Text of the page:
Brand Loyalty (was Re: [MUD-Dev] Requirements for MM(wasComplexities of MMOG Servers))
Caliban Tiresias Darklock
caliban at darklock.com
Tue Feb 11 02:47:15 New Zealand Daylight Time 2003
From: "adam" <ceo at grexengine.com>
> Caliban Tiresias Darklock wrote:
>> From: <Daniel.Harman at barclayscapital.com>
>>> Actually I don't agree. If you want to level fast in the current
>>> crop of games, the key information is knowing the best place to
>>> do it.
>> That's not how to play, it's where to play, and I consider it
>> evidence of a flaw in the system. There shouldn't BE "good
>> places". There should be good *ways*, and places where those ways
>> work. Unfortunately, we only have one good way to level these
>> days -- kill things -- so you have to go someplace where there
>> are good things to kill.
> >From a strategic analysis point of view, that really is how to
> play. In this situation, the optimal solution to "how" to play is
> to identify key geographical locations, and farm them.
However, farming *ought* to be a skill. It ought to be something
that players can be good or bad at doing. Take combat, for example;
there is a distinct difference between stabbing something in the
chest till it falls over, and using a club to bash its knee into
pulp so you can casually find a big rock to drop on its head. Most
games don't give us options like this. When they do, one of them is
clearly superior but no more difficult, and all other options are
> It would be fair to say that at the moment, there is really only a
> single good way - when ideally perhaps there should be many. But
> there's nothing inherently wrong with tactics being predicated on
However, when the same tactics in the same location always produce
the same results, this part of the game simply is not fun. It's a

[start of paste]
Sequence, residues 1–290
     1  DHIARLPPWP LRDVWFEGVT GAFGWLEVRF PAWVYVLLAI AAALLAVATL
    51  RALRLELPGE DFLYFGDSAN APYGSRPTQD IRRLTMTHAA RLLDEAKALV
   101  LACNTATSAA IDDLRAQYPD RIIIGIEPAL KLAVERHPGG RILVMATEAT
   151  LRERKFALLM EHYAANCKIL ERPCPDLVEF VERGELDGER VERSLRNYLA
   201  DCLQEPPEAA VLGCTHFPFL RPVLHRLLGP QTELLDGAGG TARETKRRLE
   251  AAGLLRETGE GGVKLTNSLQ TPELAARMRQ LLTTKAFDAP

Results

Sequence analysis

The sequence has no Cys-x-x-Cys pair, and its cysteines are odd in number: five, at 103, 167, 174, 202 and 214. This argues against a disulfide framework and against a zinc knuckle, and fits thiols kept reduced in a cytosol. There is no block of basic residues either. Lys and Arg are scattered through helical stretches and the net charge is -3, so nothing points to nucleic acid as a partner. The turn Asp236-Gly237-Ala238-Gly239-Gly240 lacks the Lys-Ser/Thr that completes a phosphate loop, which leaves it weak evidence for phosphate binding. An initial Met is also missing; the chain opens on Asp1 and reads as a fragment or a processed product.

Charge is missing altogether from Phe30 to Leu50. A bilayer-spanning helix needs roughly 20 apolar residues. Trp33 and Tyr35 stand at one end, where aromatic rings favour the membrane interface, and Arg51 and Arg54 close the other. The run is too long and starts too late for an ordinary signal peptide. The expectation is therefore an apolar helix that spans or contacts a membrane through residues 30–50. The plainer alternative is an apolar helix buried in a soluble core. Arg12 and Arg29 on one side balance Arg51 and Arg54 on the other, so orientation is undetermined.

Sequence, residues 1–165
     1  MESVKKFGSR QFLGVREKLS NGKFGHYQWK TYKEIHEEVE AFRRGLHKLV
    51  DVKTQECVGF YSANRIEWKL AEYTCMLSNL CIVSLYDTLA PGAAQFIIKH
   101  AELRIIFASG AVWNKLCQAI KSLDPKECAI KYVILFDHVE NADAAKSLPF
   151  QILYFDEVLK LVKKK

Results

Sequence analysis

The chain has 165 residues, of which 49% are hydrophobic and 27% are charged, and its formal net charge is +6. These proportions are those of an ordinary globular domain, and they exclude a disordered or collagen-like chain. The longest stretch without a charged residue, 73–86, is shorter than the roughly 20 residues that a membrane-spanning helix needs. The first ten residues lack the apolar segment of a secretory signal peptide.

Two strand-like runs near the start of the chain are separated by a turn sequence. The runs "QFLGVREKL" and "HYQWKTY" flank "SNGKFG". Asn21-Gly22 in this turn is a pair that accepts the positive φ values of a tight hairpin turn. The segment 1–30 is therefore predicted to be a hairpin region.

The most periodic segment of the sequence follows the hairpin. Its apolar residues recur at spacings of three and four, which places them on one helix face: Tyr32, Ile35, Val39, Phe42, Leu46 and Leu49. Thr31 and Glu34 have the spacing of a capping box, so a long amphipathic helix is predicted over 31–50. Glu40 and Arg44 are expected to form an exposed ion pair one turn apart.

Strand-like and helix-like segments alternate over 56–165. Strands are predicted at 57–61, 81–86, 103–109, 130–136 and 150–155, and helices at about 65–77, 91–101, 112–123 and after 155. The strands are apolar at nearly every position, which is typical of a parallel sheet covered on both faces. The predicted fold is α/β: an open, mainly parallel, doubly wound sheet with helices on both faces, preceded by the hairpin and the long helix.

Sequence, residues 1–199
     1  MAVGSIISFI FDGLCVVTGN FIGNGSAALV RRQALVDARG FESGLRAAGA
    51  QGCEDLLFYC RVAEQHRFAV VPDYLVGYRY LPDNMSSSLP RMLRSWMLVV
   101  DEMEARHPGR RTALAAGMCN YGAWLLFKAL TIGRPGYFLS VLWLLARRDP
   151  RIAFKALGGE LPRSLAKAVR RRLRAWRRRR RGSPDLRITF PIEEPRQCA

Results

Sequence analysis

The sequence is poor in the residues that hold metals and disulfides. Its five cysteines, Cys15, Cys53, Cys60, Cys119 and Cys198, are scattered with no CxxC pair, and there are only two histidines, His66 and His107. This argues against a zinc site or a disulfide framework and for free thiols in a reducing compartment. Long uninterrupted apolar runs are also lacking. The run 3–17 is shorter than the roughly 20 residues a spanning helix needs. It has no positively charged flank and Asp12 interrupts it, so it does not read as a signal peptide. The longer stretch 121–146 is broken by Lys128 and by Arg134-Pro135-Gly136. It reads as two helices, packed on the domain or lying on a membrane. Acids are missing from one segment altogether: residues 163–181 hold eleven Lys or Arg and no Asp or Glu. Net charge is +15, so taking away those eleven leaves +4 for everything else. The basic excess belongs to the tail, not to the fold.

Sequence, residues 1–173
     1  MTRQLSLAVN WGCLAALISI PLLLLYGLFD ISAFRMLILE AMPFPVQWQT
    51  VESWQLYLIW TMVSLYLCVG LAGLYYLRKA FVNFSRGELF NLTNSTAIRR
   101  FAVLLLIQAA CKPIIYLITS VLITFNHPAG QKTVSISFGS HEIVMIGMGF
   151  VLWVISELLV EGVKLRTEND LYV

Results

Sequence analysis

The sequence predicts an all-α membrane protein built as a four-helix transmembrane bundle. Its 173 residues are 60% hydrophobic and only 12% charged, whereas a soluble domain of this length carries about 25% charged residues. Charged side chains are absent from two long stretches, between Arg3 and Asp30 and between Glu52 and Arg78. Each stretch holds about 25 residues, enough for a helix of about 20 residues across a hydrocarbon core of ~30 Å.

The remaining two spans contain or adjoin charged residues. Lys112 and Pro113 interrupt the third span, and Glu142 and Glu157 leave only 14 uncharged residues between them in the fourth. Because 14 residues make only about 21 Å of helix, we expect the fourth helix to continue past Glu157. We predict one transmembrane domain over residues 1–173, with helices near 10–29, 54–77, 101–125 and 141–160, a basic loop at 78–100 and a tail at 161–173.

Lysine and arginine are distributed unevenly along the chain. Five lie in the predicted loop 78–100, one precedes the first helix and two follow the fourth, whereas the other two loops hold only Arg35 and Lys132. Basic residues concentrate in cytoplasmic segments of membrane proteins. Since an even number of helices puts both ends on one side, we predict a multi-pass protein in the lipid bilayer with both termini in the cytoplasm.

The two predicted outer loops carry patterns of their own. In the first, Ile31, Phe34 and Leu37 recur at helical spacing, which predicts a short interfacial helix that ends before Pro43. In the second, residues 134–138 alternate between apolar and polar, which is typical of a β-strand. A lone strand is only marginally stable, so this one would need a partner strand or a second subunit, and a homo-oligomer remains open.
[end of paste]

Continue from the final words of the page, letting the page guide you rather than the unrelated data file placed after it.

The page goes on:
tedious activity that takes time away from more interesting
things. Some people are good at doing tedious things for long
periods of time (and I'm one of them), but that doesn't mean they
like doing it.
>> And that's exactly why I think it's a stupid way to design a
>> game. If you logged into a game exactly like Everquest but on a
>> different worldmap, would you be able to level faster? Probably
>> not -- you'd have to wander for days looking for a good
>> place. That's not player skill, it's player knowledge, and it's
>> entirely the wrong direction to take things.
> Player skill is a superset of player knowledge - not, perhaps, as
> a gross generalisation, but based on the (undefined)
> interpretations and contect you appear to be using.
Well, no. They're entirely different. Let me illustrate.
> If you examine the behaviour of a Quake (just because its so well
> documented, in terms of skill etc) player, the most "skillful"
> players use "player knowledge" as their main tool.
That's not skill. Skill is the ability to jump through a window,
fire three shotgun shells accurately at a moving target while you
fall, then run off through a nearby door.
If you take the player who memorised respawn order and weapon
locations, and the player who can reliably jump-fire-and-run, and
you drop them into a level neither of them has ever seen
before... who do you think will win?
Skill works in *every* level. Knowledge works in one.
In the gaming community, there's little distinction between skill
and knowledge because they're both entirely mental. Knowing how to
win the chess puzzle on top of the tower might be the result of your
skill as a chess player, or it might just be knowledge gained off a
web site. Either can be passed off as the other with little argument
from an observer. But as developers, we can distinguish readily
between a game mechanic that relies on knowledge and a game mechanic
that relies on skill... we simply prefer, in most instances, to
create mechanics that rely on knowledge.
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